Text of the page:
Midnight:  Prepare for another repeat of having no nurses secured: I re-read the Regional Center Nursing Vendor List on-line. Same names of same nurses that couldn't physically handle Jamey's needs two years ago, on same list. Super duper. Same nursing agencies that sent out unlicensed CNA and LVNs who were not a safe match to handle my son's medical needs. 

5:30 a.m. Receive call from LVN. Another seizure. Drop seizures. I remind myself to confirm sleep study appointment to check for sleep apnea. I will later tell you in another Blog entry how I assisted LVN at sleep study and we went through hell to get on all the electrodes and then were soon told they couldn't deal with people like my son, since he voided while we were there and had to be changed. I recall temporarily turning into a startled Lioness, roaring the reality that if they didn't 'reasonably accommodate' my autistic son, they could 'kiss their phony America's Best Sleep Disorder Award good-bye' and would be hearing from a civil right's attorney because I'm so sick of 'casual and thoughtless discrimination against people with special needs". The good news is a branch manager later arrived. I explained how autistic adults are vulnerable and often are denied medical testing that others have access to due to their disability. He agreed that didn't seem fair and said they would continue to perform the sleep study. Hopefully, this man can take this information and this will help another parent who is in our situation in the future. Sleep study completed.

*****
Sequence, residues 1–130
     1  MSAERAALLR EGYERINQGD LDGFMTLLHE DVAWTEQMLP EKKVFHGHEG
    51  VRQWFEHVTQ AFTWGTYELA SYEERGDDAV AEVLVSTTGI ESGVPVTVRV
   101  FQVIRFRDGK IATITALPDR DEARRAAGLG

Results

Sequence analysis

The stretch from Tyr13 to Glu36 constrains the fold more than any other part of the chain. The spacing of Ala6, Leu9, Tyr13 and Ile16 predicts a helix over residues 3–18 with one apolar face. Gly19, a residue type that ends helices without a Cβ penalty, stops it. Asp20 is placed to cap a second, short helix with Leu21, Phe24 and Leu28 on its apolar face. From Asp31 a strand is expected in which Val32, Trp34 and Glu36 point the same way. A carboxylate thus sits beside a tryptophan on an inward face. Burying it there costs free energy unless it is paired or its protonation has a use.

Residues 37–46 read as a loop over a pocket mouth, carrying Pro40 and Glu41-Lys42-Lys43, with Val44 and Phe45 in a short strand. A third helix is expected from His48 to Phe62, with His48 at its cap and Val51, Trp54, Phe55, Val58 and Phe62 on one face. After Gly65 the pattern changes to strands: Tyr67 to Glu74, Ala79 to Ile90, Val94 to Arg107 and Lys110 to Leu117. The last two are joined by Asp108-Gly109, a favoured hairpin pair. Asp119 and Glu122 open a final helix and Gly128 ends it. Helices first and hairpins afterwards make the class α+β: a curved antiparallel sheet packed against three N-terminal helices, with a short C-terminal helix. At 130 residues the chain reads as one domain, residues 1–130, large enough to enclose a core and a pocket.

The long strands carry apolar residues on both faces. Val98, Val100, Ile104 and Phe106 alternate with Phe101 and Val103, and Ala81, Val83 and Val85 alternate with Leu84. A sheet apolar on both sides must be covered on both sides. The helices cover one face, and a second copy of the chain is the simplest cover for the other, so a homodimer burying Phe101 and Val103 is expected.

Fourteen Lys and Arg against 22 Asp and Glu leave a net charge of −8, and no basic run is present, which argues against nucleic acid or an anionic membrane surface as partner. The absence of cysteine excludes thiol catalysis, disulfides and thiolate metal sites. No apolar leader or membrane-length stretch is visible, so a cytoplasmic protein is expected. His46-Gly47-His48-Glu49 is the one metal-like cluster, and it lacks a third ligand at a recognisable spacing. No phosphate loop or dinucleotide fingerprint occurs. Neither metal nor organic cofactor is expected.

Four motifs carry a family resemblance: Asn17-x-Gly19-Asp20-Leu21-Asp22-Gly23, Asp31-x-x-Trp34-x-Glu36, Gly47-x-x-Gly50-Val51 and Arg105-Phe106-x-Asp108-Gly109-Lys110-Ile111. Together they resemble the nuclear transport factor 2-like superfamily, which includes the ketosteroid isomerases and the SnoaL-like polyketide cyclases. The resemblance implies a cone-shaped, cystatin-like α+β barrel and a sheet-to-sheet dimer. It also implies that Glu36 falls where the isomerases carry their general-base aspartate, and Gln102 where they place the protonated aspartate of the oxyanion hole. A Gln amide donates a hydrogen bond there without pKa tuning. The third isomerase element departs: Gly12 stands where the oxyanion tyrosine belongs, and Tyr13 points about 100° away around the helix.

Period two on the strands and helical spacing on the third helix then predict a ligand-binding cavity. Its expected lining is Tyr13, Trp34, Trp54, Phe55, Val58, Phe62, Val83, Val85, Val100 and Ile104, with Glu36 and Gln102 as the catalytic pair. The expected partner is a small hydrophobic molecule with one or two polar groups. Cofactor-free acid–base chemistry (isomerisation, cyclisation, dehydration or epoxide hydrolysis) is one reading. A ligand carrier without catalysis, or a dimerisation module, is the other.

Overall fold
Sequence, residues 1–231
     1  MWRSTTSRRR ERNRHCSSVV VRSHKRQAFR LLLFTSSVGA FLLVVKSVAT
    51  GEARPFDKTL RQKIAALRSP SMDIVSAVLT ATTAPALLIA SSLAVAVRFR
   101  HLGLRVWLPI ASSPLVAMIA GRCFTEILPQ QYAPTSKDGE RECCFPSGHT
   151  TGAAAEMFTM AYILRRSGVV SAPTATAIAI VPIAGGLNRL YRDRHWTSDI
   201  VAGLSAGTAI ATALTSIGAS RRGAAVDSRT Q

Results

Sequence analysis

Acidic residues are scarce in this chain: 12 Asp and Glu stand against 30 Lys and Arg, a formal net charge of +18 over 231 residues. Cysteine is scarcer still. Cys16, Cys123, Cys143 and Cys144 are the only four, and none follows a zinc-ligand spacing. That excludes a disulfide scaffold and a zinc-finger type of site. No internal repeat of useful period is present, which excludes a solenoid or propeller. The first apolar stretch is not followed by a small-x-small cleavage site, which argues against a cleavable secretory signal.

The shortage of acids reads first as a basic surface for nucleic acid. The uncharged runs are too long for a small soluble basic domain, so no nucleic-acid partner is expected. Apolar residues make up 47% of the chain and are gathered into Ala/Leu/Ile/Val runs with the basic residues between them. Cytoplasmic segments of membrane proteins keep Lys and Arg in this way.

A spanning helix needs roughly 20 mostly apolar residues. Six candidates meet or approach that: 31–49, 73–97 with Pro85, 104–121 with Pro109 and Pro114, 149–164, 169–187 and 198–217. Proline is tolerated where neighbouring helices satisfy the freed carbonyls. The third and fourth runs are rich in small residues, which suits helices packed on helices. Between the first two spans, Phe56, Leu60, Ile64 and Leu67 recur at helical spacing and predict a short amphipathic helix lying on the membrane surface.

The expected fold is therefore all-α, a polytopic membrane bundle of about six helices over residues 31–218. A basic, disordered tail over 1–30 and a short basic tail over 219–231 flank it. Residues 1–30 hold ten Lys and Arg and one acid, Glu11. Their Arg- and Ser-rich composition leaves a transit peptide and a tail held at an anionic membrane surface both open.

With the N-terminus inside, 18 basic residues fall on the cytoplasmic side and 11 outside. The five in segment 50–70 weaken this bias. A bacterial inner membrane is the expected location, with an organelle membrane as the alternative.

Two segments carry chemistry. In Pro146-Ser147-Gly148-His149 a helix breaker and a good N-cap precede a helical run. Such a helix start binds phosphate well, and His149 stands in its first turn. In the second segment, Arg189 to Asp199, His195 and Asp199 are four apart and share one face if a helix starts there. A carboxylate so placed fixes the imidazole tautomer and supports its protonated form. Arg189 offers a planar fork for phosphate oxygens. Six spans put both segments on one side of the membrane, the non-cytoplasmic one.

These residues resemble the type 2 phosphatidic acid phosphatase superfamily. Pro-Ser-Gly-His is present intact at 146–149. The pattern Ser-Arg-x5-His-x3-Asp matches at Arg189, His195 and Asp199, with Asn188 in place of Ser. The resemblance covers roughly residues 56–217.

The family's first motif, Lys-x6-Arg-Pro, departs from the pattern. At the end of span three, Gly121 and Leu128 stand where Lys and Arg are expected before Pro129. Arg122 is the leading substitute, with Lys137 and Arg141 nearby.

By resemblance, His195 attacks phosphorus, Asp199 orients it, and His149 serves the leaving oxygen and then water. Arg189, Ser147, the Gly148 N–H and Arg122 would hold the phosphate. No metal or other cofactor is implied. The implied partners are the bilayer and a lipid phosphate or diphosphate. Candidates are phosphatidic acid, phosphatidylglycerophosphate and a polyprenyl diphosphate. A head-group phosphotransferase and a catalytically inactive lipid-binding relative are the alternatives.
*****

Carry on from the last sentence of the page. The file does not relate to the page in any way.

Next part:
Never give up. Never, ever give up. You are your autistic child's voice. At any age. At all times. 

Kim Oakley, mother of a handsome, green-eyed, resilient, awesome, incredible young autistic adult named Jamey.